Big Victories for Women Candidates Bring Big Questions

Female candidates won big last night, reshaping the political landscape. But what does it really mean for women?

From Meg Whitman and Carly Fiorina in California, to Tea Party survivor Nikki Haley in South Carolina, and Senator Blanche Lambert Lincoln's surprise victory in Arkansas, today's hot political topic is all about the rise of conservative women at the ballot box and their success in last night's primaries. MSNBC celebrated the "Ladies Night" results, and today the women of America are left with a chance to reflect on how these races will affect our future.

Women currently hold a pathetically small fraction of elective offices -- only 17% of seats in Congress. The good news is that a woman running for office is becoming more normalized (with the help of Women's Campaign Forum, EMILY's List, Emerge, Eleanor Roosevelt's Legacy, Annie's List, and others), but we still have a ways to go before it becomes "the norm." But following a night where women comprised a mere 23% of winning candidates (47 of 204 winners), some of the media coverage is not in line with reality. As NPR notes in "A Super Tuesday for Women", 1984 was the year of the woman -- till they all lost in the general election.

While increasing the number of women in political leadership positions is good and necessary, the bottom line is that issues matter most. My feminist friends and colleagues will ultimately vote for what a candidate stands for, not their reproductive organs. Are these candidates representing the interests of young mothers, working women, and the growing number of senior women? If the result of "Ladies Night" is a new crop of women elects pushing a conservative agenda that would allow the government to interfere in medical and family planning decisions, refuse to reign in corporations, and even stop me from drinking a glass of wine when visiting Las Vegas -- last night's results do little to move me. We need more pro-equality leaders who aren't afraid to stand up for our values. Sarah Palin is not Hillary Clinton, Jan Brewer is not Janet Napolitano, and last night's winners still need to prove how they will represent the sentiment, values, and rights of women.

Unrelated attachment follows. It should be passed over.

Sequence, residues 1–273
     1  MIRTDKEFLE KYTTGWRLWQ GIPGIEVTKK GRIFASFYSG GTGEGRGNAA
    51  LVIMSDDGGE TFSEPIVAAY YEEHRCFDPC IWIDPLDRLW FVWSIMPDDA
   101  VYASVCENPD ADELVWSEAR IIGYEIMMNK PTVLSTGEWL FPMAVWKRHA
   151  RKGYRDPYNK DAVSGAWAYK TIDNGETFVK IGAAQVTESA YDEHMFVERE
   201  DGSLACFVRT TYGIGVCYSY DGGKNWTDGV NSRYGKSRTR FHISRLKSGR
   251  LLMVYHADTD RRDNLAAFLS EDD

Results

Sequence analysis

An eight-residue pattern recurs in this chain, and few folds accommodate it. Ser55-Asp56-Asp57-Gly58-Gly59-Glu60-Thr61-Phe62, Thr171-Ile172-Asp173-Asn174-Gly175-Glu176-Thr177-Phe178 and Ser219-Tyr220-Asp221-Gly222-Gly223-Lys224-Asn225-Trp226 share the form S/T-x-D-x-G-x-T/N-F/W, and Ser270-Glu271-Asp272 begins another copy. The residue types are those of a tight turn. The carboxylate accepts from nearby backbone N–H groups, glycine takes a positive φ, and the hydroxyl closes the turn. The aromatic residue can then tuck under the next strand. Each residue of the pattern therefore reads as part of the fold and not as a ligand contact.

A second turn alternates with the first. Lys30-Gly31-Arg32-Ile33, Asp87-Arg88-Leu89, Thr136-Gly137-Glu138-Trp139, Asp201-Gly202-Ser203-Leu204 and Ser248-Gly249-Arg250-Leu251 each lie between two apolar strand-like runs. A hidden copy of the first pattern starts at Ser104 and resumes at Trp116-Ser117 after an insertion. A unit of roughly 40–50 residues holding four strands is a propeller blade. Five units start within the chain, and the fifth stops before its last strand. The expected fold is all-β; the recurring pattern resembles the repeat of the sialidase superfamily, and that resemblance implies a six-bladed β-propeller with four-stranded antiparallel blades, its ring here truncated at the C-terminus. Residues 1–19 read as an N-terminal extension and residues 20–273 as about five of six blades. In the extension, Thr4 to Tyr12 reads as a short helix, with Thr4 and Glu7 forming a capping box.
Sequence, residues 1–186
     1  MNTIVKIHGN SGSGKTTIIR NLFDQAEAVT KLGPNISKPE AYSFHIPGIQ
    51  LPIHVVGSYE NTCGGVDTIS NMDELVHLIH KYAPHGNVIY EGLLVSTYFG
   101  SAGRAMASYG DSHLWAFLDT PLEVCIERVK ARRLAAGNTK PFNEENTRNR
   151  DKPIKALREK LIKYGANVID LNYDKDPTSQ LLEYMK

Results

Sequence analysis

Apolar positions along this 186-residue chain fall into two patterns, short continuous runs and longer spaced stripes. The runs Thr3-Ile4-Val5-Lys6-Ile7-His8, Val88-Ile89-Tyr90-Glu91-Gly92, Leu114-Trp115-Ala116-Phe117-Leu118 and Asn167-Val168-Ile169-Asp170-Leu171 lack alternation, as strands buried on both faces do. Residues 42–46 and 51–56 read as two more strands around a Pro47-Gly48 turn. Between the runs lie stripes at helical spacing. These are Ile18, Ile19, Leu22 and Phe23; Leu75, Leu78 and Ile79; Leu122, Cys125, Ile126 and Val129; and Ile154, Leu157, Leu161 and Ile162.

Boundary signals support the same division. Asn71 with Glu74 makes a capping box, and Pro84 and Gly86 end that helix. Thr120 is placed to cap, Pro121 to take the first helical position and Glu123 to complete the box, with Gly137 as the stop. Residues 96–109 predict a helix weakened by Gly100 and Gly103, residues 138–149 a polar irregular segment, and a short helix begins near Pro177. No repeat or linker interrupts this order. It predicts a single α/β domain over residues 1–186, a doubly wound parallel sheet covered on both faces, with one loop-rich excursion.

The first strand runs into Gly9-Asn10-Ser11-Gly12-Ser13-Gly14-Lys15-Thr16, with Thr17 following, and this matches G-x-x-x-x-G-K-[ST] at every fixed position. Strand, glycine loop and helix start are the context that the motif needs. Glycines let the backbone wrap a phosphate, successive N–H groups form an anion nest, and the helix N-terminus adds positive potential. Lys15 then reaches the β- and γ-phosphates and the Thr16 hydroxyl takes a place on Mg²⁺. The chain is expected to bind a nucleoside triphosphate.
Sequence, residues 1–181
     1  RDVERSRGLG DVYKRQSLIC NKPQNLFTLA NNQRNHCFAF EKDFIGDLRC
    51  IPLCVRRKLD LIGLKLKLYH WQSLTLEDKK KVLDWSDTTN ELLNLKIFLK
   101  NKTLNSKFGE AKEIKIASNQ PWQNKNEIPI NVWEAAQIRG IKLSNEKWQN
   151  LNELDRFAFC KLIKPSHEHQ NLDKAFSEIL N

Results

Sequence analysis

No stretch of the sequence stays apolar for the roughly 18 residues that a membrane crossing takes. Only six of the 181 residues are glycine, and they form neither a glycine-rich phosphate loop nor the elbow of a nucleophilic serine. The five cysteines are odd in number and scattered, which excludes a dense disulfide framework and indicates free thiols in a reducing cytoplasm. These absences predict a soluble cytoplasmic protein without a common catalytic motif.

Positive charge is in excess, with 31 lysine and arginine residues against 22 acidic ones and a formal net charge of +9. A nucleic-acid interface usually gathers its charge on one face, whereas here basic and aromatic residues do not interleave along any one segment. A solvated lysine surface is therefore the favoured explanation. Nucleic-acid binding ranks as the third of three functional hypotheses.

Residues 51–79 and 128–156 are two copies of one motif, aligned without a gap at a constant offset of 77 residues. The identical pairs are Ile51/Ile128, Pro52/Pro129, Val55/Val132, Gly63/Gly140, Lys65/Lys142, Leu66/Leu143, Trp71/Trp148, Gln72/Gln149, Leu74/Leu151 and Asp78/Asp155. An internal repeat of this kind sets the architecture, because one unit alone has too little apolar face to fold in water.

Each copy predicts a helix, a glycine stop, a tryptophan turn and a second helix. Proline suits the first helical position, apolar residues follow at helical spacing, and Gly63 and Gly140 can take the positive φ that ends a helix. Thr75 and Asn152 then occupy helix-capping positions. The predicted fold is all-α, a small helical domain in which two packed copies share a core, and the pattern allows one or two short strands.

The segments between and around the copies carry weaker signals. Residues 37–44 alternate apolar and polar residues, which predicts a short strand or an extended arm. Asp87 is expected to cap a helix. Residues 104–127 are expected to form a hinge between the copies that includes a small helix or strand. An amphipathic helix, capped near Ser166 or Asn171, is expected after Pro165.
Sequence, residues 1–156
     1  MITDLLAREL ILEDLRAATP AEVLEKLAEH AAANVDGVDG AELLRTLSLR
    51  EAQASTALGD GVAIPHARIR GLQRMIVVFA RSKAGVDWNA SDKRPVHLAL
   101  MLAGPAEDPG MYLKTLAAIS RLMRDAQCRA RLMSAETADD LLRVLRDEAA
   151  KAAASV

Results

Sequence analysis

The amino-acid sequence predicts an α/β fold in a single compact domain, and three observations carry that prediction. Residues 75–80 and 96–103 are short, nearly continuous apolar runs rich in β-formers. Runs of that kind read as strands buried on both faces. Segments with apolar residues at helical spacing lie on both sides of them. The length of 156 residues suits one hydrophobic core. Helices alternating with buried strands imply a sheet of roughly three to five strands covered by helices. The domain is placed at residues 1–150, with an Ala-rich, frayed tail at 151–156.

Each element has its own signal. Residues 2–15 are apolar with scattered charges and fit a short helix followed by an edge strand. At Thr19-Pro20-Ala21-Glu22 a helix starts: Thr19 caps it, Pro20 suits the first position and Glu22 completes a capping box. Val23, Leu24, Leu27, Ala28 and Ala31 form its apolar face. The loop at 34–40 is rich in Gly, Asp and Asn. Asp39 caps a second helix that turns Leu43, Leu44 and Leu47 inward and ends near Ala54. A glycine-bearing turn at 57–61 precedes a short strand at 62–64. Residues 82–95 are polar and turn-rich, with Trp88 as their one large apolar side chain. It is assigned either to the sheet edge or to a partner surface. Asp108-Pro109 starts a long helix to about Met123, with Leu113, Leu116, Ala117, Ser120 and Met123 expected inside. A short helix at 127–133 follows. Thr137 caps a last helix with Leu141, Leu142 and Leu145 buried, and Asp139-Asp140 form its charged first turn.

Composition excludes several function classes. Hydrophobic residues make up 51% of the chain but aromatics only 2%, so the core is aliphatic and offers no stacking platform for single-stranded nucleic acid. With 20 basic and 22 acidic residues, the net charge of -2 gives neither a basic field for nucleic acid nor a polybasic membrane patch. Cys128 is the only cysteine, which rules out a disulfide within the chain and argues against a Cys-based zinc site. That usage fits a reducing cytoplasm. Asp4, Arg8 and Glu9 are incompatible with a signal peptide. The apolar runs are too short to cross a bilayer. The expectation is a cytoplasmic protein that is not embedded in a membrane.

At the same time, while the policies and performance of all political figures should be subject to rigorous media critique, we cannot ignore that more women candidates ultimately still means more opportunities for sexist media coverage and political maneuverings. Sexism against any woman candidate adds an additional barrier for all women and girls who aspire to political leadership. I look forward to the day it will not be remarkable to have a woman running against another woman -- for now, I cringe at the "cat fight" statements likely to come in the coverage of Senator Boxer vs. Fiorina. Last night, a guest on Chris Matthews' show commented that it's not easy to attack a woman. Not sure what planet he's living on, but not only is it easy, it's often accepted. No more. Sexism may sell, but we're still not buying it.

The Women's Media Center will continue to serve as a watchdog for sexist and biased attacks directed towards women candidates. In the midst of all the hype, some journalists and commentators are already using this opportunity to reach for their misogynist bag of comments.

We want to know: What have you seen or heard? Keep us on the loop as the midterm election season heats up.